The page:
new life and the hope of spring
The blog post for this week was delayed due to sick kids. We have a little of everything around here: coughs and breathing problems, sinus stuff, colds, and the baby spent yesterday afternoon throwing up. Last night Warren and I officially tag teamed, and each took a kid for the late night hours. He slept on the floor next to our four-year old, and I manned the throwing up one-year old (who, thankfully, slept much of the night). We are both a little sleep deprived, but such is the life of a parent!
I could write about how we escaped the dreaded flu until now by pumping up our immune systems (and lots of grace!) , and how I agree that food is almost always the best medicine. But I will have to save that for another post. For now, the seedlings growing in my kitchen are medicine to my winter-weary soul. They serve as a reminder that spring must come, even though it is snowing again. All it takes is one long winter to really understand the devastation to C.S. Lewis’ Narnia when the White Witch casts her spell to make it always winter but never Christmas. Thankfully, Aslan rescues Narnia and the seasons will also change for us, just as promised.
Back to the seedlings. Here they are growing away in our already-so-small eat-in kitchen. It’s not pretty (although the shelving unit with lights that Warren built is genius!), but soon enough they will be out in the garden, or transferred to deeper wooden planters.
We’ve been gardening, almost every season, for about 6 years. We had a few years with exceptionally small gardens, and only since we’ve lived on our current property have we grown a significant amount of food. As John Jeavons, of How to Grow More Vegetables and father of the bio-intensive gardening movement would say, “Ten years in the garden will produce a fully experienced food grower.” So that means I’m not yet in a position to offer a lot of advice. I am very much still in the learning stages.
We’ve learned a lot from Eliot Coleman’s books, and use his method of soil blocking to start most of our plants. Last year, I read John Jeavon’s book several times, and learned a lot about spacing in the garden and providing a covering or shelter by planting things fairly close together. This retains moisture, and keeps weeds at bay. He introduced us to preparing our soil by using a broadfork, which helped us to dig down deep and loosen the soil to allow the roots to extend as far as possible. It was hard work, but we are glad to see the fruits of last year’s labor resulting in very loose soil, even this year. The book is a great basic gardening book, but I think we realized that some of the labor intensive methods were not sustainable, especially since this Mom is doing most of the work. For example, it is true that starting most of your seeds in trays or soil blocks will lead to the highest yield, but I grew onions and carrots from seed last year and transplanted them all! Can you say crazy?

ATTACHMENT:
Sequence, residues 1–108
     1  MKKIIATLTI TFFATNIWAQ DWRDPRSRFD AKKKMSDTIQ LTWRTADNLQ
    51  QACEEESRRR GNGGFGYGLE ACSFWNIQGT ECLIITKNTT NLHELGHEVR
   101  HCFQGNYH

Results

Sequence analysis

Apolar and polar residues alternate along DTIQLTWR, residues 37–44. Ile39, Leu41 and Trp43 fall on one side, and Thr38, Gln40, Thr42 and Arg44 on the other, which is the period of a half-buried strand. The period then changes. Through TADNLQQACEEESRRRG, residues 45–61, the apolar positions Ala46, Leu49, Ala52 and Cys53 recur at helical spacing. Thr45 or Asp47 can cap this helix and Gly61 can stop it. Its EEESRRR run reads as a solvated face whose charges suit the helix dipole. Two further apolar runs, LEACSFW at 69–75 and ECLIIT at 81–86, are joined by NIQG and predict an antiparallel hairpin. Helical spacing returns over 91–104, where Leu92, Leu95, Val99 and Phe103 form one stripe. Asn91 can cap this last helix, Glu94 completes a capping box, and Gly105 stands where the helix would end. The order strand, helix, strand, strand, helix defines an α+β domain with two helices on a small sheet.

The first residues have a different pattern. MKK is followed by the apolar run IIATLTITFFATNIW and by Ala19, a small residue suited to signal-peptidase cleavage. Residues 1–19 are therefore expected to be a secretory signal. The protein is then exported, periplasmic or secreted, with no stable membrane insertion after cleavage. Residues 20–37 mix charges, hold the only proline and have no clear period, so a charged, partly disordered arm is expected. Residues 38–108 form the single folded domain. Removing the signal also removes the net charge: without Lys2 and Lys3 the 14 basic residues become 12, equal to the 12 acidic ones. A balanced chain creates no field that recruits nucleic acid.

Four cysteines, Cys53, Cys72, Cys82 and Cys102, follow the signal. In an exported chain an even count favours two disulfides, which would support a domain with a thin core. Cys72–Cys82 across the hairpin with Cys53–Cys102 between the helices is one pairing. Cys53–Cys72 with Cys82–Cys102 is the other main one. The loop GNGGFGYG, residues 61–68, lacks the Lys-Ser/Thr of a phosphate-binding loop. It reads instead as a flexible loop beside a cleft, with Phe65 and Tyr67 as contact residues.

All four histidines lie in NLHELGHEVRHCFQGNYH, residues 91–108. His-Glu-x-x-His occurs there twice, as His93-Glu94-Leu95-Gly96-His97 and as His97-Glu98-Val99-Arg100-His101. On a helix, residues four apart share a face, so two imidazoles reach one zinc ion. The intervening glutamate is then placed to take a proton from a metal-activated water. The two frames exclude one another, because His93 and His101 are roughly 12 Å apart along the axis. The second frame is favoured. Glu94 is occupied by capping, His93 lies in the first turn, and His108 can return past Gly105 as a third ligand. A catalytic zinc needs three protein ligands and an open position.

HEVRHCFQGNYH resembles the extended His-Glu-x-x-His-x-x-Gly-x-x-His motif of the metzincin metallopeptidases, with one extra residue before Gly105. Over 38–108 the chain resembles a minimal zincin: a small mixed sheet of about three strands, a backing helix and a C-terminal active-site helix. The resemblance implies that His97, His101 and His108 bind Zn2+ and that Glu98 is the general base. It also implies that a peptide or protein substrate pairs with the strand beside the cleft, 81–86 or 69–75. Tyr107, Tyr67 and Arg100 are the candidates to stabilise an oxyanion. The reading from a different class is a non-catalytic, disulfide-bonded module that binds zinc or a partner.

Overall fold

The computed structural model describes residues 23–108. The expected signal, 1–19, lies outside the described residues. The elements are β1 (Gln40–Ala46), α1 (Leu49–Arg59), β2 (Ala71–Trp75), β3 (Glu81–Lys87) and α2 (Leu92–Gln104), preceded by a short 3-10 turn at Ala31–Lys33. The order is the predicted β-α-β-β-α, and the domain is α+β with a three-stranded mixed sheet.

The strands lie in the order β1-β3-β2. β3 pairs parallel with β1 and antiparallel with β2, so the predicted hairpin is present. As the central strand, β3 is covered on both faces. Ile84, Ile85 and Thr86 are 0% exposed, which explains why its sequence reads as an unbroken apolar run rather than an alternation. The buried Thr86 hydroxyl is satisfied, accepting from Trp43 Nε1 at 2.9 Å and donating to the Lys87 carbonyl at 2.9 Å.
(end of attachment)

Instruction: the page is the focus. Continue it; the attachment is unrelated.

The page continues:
We hope to improve upon those ideas by covering our garden in a deep layer of mulch this year and end the yearly tilling. If you haven’t already seen this film, it will inspire you to try out the no-till method of gardening. Regardless of your religious or doctrinal beliefs, you can’t help but find this guy motivating! Watch Back to Eden here.
These tiny plants are a small reminder of the changes to come. We will be back in the warm dirt and grass soon enough, and we will probably be all the more thankful for the sun after this long winter. Do you start seeds in a warm place in your house? Do you have gardening tips to share? Bring it on…we can all learn from each other by sharing our experiences!